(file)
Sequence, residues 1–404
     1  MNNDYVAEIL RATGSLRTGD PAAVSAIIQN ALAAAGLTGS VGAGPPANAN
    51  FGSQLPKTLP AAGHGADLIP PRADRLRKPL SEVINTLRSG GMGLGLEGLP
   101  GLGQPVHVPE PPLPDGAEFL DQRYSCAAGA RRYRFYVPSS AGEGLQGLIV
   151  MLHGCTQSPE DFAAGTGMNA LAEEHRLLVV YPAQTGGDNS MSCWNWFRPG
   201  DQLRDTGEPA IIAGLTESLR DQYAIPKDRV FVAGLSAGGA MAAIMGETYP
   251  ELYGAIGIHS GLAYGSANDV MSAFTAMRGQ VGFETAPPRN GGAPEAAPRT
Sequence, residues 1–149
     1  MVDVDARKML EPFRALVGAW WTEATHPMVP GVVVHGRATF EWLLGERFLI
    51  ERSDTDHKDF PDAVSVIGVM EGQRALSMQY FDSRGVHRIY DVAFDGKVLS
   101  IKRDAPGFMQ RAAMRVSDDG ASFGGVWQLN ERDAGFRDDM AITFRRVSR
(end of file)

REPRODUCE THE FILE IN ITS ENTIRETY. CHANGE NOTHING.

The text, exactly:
Sequence, residues 1–404
     1  MNNDYVAEIL RATGSLRTGD PAAVSAIIQN ALAAAGLTGS VGAGPPANAN
    51  FGSQLPKTLP AAGHGADLIP PRADRLRKPL SEVINTLRSG GMGLGLEGLP
   101  GLGQPVHVPE PPLPDGAEFL DQRYSCAAGA RRYRFYVPSS AGEGLQGLIV
   151  MLHGCTQSPE DFAAGTGMNA LAEEHRLLVV YPAQTGGDNS MSCWNWFRPG
   201  DQLRDTGEPA IIAGLTESLR DQYAIPKDRV FVAGLSAGGA MAAIMGETYP
   251  ELYGAIGIHS GLAYGSANDV MSAFTAMRGQ VGFETAPPRN GGAPEAAPRT
Sequence, residues 1–149
     1  MVDVDARKML EPFRALVGAW WTEATHPMVP GVVVHGRATF EWLLGERFLI
    51  ERSDTDHKDF PDAVSVIGVM EGQRALSMQY FDSRGVHRIY DVAFDGKVLS
   101  IKRDAPGFMQ RAAMRVSDDG ASFGGVWQLN ERDAGFRDDM AITFRRVSR